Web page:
Visually impaired in Kavango shun centre

18 Oct 2013 06:40am
SAUYEMWA, 18 OCT (NAMPA) - Classes for visually impaired students at the only centre for visually impaired persons in the two Kavango regions have not taken place since the beginning of this year due to a lack of students.
The centre for the visually impaired here is known as the Sauyemwa Visually Impaired Centre, and is situated on the western outskirts of Rundu.
It was established in 2008 to afford people living with visual impairment an opportunity to access education, especially how to read and write using Braille.
Centre Manager Immanuel Kangenengene, who is visually impaired himself, told Nampa on Friday that since the centre’s last group of students successfully completed their courses last year, the school has not enrolled any new students this year.
It is widely believed that people with visual impairment do not want to enrol at the centre because they live in remote areas, and are discouraged by the constant lack of transportation to and from school over weekends and during holidays.
Others are skeptical about the availability of accommodation and enough food to sustain them at the centre, and rather stay at home.
Currently, nine people with visual impairment, including three teachers, reside at the centre to look after the facility.
The teachers have been sitting idle since the start of this year with no work to do, and although they are on the government’s payroll, they have not been paid so far this year because they didn’t do any work.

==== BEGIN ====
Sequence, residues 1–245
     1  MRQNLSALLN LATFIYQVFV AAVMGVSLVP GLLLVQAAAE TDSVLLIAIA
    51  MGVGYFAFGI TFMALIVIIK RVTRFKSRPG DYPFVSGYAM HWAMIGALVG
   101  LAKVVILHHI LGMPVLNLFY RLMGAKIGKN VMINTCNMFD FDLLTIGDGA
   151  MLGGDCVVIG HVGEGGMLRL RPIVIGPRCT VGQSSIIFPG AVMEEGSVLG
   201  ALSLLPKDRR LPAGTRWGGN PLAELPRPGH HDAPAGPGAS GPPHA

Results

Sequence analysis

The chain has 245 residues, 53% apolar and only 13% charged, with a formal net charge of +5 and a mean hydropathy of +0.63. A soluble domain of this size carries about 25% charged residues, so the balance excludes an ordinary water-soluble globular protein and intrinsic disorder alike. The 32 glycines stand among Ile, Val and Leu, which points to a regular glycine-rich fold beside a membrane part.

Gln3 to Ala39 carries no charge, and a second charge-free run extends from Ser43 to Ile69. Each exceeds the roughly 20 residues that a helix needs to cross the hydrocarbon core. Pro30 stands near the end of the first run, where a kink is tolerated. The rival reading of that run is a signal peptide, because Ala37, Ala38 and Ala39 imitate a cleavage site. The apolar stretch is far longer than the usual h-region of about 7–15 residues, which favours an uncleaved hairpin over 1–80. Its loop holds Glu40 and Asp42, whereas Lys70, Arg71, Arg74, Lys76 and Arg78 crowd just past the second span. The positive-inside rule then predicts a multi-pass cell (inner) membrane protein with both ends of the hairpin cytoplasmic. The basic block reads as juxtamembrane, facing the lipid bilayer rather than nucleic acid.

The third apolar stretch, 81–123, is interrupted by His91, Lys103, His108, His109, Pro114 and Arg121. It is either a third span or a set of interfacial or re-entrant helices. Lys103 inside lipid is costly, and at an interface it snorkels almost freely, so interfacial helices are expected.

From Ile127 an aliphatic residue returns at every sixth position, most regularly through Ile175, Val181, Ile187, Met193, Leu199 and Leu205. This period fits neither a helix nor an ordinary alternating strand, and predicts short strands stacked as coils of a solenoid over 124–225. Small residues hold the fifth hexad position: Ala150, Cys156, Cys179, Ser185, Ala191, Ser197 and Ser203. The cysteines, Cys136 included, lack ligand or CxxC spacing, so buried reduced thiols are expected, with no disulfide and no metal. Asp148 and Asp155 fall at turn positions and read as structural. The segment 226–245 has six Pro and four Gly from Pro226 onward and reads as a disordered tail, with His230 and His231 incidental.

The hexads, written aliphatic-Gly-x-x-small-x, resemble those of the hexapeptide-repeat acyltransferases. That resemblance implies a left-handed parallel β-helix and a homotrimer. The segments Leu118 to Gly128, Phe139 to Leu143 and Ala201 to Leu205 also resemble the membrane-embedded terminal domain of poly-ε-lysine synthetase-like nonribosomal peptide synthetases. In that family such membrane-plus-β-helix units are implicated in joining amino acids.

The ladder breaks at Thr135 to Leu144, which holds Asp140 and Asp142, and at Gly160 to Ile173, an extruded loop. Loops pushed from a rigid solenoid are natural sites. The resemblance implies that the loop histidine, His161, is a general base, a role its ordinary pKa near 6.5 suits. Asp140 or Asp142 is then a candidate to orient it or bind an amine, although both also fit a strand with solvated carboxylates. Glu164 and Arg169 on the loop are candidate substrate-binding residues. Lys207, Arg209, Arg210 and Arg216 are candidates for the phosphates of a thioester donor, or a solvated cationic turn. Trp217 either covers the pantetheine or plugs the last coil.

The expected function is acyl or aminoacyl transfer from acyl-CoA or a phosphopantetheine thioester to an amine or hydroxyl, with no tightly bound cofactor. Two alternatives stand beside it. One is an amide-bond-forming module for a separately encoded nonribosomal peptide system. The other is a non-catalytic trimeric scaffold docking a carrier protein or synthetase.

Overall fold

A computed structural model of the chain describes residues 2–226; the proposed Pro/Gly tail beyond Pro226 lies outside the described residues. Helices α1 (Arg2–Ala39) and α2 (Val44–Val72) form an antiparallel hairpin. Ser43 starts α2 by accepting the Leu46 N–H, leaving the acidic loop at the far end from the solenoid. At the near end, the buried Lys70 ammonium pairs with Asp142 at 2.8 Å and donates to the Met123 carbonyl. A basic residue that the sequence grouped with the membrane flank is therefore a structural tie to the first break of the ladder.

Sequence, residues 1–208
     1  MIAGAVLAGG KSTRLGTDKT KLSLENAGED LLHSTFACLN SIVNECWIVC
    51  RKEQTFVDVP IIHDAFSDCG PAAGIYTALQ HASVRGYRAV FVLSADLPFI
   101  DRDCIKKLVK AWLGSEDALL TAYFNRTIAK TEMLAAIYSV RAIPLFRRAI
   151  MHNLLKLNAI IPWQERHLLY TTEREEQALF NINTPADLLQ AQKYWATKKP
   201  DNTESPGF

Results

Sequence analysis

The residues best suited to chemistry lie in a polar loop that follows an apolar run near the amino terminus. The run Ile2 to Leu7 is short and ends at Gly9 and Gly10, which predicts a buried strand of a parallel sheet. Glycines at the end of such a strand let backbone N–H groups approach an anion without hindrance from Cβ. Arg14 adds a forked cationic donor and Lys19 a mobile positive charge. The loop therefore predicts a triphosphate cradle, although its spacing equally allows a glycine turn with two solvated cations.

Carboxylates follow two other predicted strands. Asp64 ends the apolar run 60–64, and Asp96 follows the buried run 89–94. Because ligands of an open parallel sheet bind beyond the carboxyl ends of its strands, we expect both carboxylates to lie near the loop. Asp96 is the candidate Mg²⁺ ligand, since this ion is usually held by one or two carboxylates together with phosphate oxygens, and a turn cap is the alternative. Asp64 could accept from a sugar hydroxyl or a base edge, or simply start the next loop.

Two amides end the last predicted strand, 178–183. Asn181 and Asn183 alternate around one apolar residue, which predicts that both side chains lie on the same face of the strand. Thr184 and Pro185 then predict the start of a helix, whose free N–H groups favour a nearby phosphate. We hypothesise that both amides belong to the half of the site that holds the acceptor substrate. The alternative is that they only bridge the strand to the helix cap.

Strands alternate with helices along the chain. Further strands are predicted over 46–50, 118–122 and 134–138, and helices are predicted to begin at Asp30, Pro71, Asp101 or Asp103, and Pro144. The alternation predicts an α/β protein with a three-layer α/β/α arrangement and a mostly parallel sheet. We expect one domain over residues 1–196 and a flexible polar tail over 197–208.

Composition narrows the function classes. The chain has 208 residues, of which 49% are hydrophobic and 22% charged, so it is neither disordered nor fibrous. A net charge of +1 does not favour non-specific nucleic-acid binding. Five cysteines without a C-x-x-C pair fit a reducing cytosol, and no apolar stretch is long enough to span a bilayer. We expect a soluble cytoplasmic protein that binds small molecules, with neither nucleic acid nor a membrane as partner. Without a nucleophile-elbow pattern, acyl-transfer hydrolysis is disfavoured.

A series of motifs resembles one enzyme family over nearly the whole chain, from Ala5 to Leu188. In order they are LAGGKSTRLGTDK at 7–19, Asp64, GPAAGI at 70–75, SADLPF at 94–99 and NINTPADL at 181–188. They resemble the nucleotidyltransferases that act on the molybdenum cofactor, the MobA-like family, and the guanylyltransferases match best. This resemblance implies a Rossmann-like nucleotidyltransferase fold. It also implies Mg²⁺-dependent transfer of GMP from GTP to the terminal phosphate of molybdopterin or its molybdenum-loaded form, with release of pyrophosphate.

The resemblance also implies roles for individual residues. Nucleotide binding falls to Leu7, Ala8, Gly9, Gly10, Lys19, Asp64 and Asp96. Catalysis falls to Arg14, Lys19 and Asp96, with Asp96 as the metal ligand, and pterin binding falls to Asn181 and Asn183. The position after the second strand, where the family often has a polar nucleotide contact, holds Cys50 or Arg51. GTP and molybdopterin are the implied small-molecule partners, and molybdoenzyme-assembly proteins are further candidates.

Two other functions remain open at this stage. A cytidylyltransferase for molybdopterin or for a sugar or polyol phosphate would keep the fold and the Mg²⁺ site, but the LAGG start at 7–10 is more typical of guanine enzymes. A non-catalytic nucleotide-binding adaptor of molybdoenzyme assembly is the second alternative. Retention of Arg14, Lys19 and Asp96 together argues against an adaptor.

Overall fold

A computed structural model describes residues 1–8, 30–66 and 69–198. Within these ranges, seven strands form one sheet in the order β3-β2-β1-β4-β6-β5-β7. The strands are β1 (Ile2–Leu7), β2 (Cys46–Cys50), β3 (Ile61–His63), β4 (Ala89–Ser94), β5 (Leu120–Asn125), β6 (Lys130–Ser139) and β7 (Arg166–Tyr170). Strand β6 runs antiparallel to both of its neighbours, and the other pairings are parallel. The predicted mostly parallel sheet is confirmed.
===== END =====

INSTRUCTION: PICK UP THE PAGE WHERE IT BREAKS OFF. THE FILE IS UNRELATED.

Kangenengene indicated that the centre has 19 places available, and called on constituency councillors and headmen in the two Kavango regions to sensitise their communities to encourage people with visual impairment to register for classes at the centre.
Accommodation is provided free of charge in the centre’s six corrugated iron- room structures, while mattresses, donated by Good Samaritans, are also available for students’ use.
“People want education. The problem is they live far from the centre,” said the manager.
He then appealed to the central government to avail transport for would-be students who live in remote areas to access the centre.
Those residing at the centre survive from grants provided by the government, as well as food donations by local businesspeople and shopping outlets.
Since the school’s establishment in 2008, the centre has produced over 20 graduates who successfully completed Stages One and Two of the course.
These stages include lessons on how to read and write the local languages in Braille, as well as mathematics.
Most graduates are furthering their studies at other centres for visually impaired persons in Windhoek.
To help ease the burden of household chores, the Namibian Red Cross Society (NRCS) this year attached a volunteer at the centre, who assists students with their daily tasks such as cooking meals, washing clothes and cleaning the centre. This assistance will be for a period of two years.
The Sauyemwa Visually Impaired Centre has a hall, but lessons take place under a tree.
The hall was built with assistance from Johan Krail, a businessperson at Rundu.